Was bombing Dresden a war crime?

Even Churchill distanced himself from this “act of terror”

January 27, 2020
The aftermath of the Dresden bombing Source: Wikimedia Commons
The aftermath of the Dresden bombing Source: Wikimedia Commons

The destruction of Dresden has come to symbolise the horrors of total war. In mid-February 1945, 800 Allied aircraft dropped high explosive bombs, engulfing the city in a firestorm visible 50 miles away. Its centre was reduced to incandescent rubble and 25,000 people were killed: whirled away by tornadoes of flame, asphyxiated as the inferno sucked oxygen from the atmosphere. Cellars which served as shelters became, as Kurt Vonnegut wrote, “corpse mines.” One witness said the raid “opened the gates of hell.”

All this is familiar, if gruesome, territory, but journalist and historian Sinclair McKay’s well-written book, published to coincide with the 75th anniversary, adds new features, drawing on first-hand testimony collected by Dresden’s municipal archive. He has an eye for detail, recording animal as well as human suffering: the trumpeting of elephants as the zoo took direct hits (though rats, gorging on cadavers, became obese). Amid the town’s ruins, one traumatised survivor initially thought he was hallucinating: walking down the street was a giraffe.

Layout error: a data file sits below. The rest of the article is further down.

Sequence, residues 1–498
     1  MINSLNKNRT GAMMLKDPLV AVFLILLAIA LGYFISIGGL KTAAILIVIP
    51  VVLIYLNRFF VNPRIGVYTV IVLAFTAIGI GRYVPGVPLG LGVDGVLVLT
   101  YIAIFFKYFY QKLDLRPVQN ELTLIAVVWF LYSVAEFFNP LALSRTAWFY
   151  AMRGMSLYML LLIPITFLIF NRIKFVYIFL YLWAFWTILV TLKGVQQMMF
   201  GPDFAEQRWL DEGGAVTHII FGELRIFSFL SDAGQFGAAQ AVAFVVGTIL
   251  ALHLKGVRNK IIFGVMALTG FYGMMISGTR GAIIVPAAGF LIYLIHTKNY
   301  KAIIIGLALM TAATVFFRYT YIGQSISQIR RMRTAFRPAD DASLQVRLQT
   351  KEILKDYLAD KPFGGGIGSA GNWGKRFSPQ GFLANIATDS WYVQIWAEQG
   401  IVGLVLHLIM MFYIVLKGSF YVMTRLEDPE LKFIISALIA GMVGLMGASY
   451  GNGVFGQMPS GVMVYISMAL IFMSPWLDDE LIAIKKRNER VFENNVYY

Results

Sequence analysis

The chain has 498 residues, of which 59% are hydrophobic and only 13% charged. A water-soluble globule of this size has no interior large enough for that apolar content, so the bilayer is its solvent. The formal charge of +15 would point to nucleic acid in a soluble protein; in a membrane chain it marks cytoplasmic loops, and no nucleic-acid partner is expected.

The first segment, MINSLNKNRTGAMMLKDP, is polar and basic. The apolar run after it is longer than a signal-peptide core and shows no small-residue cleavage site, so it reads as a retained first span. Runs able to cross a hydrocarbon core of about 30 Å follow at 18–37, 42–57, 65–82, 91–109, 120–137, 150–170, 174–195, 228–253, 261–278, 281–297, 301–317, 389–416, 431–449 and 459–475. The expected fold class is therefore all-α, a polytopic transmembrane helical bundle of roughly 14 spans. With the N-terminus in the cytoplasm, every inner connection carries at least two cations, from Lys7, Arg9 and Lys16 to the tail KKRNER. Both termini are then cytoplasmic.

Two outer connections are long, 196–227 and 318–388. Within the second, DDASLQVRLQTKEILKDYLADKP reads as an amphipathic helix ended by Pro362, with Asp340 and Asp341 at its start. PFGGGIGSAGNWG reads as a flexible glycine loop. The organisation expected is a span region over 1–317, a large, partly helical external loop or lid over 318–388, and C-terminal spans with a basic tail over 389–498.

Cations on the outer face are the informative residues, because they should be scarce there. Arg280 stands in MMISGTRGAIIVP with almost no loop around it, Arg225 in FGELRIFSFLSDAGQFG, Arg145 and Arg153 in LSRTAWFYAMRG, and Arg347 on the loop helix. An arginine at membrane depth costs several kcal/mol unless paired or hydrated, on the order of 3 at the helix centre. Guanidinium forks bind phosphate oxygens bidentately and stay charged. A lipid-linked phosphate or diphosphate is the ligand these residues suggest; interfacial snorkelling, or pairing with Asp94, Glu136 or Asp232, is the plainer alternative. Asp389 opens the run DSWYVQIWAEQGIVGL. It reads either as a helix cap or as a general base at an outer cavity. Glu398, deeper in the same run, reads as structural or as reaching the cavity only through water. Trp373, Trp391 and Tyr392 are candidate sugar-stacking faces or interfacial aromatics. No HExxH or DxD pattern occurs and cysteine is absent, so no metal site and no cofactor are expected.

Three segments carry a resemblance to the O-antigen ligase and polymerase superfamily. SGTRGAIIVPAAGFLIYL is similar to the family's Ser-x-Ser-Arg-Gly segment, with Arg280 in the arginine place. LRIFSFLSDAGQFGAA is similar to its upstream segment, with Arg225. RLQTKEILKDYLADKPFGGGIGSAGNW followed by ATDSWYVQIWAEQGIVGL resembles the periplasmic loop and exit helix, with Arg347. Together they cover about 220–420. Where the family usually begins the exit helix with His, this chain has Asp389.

Dresden, though a Nazi stronghold, had long been known as “Florence on the Elbe.” Famed as the source of porcelain—“white gold”—it was beautiful, sophisticated, artistic. Thus the Lancaster bombers, ordered to target built-up areas as well as factories and railways, not only massacred civilians but smashed a cultural gem. Dresden came to epitomise Allied barbarism, although other cities fared worse. Was it a war crime?

Despite having advocated use of “exterminating force,” Churchill distanced himself from this “act of terror.” Moreover, area bombing was dropped from the indictment of war criminals at Nuremberg, since the Allies were open to the same charge. Dresden, though understandable in the context of a “people’s war,” was an atrocity. But, as emerges from this accomplished book, it was not, as some historians suggest, morally equivalent to the Holocaust. By no stretch of the imagination was Dresden Auschwitz.

Dresden: The Fire and the Darkness by Sinclair McKay (Viking, £20)